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Why I AM a Domestic Violence Cyber Advocate

by Carissa Daniels

I have had people ask why I care so much about social justice issues. Why did I work for Bernie Sanders presidential campaign when I was already “so busy,” and why do I do the work I do for domestic violence, homelessness, poverty issues and the environment. This will help people understand why I do what I do.

I am

a single mom of a grown daughter

a nontraditional student — a senior at University

Majoring in communications with a minor in film

I am

a voice for those who have no voice

Who cannot speak because their lives were taken

who exist in a broken shell.

Those who were abused, raped, left prisoner in their own mind,

and those who were

murdered by someone who said he “loves” them

I am

a Survivor

of domestic violence

sexual assault

and child abuse

but I am much more.

I am






a Resistor

Nearly 19 years ago, I was forced into a situation that no one wants.

My relationship of 8 years exploded into violence, and I was ordered to leave my own home, and leave behind the daughter who was my miracle child.

I was broken

But I refused to abandon my child.

The one I nearly died to have. Multiple times over.

Hell would have frozen over before I could have left her,

the child the doctors told me was “impossible” for me to have.

And so I put a few things in a small suitcase, grabbed her and her diaper bag,

put them into the stroller and walked out the door,

and left the rest behind.

I spent four months as a resident of the labyrinth of underground shelters

where those of us whose lives have been threatened with death, survive.

Scurrying in the corners to stay hidden during daylight.

Hurrying to get back behind closed doors where we can be safe.

Safety is a concept that you never really think about

unless it is threatened

at which time it takes on a whole new meaning.

I was safe behind those doors, until a shelter broke protocol

and forced me to get an order of protection,

which meant he was served with papers.

All he had to do to find us was to

come to court with his big bucks attorney.

Funny how he never had money for milk or a high chair for the baby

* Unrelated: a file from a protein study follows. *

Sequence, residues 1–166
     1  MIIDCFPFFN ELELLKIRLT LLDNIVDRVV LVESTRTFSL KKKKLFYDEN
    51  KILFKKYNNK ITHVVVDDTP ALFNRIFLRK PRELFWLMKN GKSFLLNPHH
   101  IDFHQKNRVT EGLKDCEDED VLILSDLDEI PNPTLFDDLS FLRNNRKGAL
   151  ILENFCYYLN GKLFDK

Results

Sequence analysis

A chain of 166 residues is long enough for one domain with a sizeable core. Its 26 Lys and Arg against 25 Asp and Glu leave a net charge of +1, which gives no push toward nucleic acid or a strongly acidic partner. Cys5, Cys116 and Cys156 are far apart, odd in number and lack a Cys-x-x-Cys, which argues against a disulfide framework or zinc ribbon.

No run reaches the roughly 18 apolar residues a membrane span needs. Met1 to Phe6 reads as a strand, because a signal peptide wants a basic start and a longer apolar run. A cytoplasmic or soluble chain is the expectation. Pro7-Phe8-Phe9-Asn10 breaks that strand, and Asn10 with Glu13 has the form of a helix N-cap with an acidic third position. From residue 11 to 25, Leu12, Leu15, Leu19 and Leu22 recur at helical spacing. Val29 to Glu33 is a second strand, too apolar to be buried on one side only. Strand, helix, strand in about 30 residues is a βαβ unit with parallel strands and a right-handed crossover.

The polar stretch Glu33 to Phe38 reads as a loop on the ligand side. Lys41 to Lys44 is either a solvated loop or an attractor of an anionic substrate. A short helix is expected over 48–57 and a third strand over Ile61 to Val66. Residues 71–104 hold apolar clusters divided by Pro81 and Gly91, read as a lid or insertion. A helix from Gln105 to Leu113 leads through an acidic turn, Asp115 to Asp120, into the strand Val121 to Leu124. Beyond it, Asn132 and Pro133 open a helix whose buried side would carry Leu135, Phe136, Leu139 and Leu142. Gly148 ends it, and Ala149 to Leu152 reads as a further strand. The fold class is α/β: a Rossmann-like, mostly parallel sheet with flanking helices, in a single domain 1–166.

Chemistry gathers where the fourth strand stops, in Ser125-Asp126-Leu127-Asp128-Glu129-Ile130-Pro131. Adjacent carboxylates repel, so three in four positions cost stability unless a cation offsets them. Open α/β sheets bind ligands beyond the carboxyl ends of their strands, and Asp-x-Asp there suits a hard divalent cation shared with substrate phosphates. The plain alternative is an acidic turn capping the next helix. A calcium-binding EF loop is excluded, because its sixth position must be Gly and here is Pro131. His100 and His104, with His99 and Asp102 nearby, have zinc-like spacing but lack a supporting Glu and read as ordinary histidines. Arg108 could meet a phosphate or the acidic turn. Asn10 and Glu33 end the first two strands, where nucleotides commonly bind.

but he coughed up thousands to get even with me for leaving.

His slimy attorney served me with a ream of papers about three inches thick

gleefully singing “you’ve been served!”

My fragile world crumbled in that moment.

The legal advocate who was with me took one look at the papers

saw “custodial interference” …

I was accused of kidnapping my own child…

to keep her safe.

He didn’t want to pay child support, and he didn’t want me in their lives.

My goal was never to keep her from him

only to make sure that contact was done in a safe way

for all of us.

And so began several years of trips back and forth to court,

fighting tooth and nail to keep my daughter

and stay safe.

After those four months underground, I started over in a place we knew no one.

Climbing out of the pit one broken finger nail at a time.

Healing, fighting in court, working to create a new life

When it wasn’t safe for my daughter to do visitation with him alone,

the therapist said I needed to go with

since there was no one else.

He threatened to drive us into Puget Sound,

while we sat in the car

his foot lightly on the brake,

inches from the water.

When I saw his foot shift

I undid my seatbelt

and started climbing over the seat to get to my daughter.

When he saw I didn’t get out,

he put his foot back on the brake and

backed up without a word

and took us back to the drop off point.

It was the last time we saw him

but not the last time we heard from him.

He was trained by the government

and is an expert at psychological warfare

and evasion.

Because he is a computer genius

I had fears that he could use that medium to find us

so I avoided having a computer online in my home,

knowing that it could be possible for him to harass or even track us online.

I’ve watched him hack into supposedly unhackable places in the past.

It wasn’t until about nine years after leaving that we took the plunge,

getting online to seek support for what was still a very scary situation.

I had been trained as a domestic violence victim advocate

through a local shelter

but couldn’t work there because of health problems.

I was seeking support and help myself,

but ended up using my experiences and my knowledge to help others

in what was then a whole new kind of social media forum.

Answering a single letter turned into thousands…

too much for one person to handle.

With the support of the expert who trained me as a shelter advocate,

I trained the first

domestic violence cyber-advocate,

a whole new kind of support system.

Part crisis counselor, part resources and referral person,

part cheerleader and mom;

with the goal of making sure people had the help they needed 24/7.

What happened in the group is unlike anything else I have ever experienced.

I helped someone, who helped someone, who helped someone else.

It was the most powerful thing in the world.

Changing lives,

and saving them.

I knew I had found my passion in helping others, but it took a while to figure out exactly

how I would use my skills long term.

My daughter, meanwhile, was growing up.

Once she turned 18, I could legally speak out without fear of losing custody.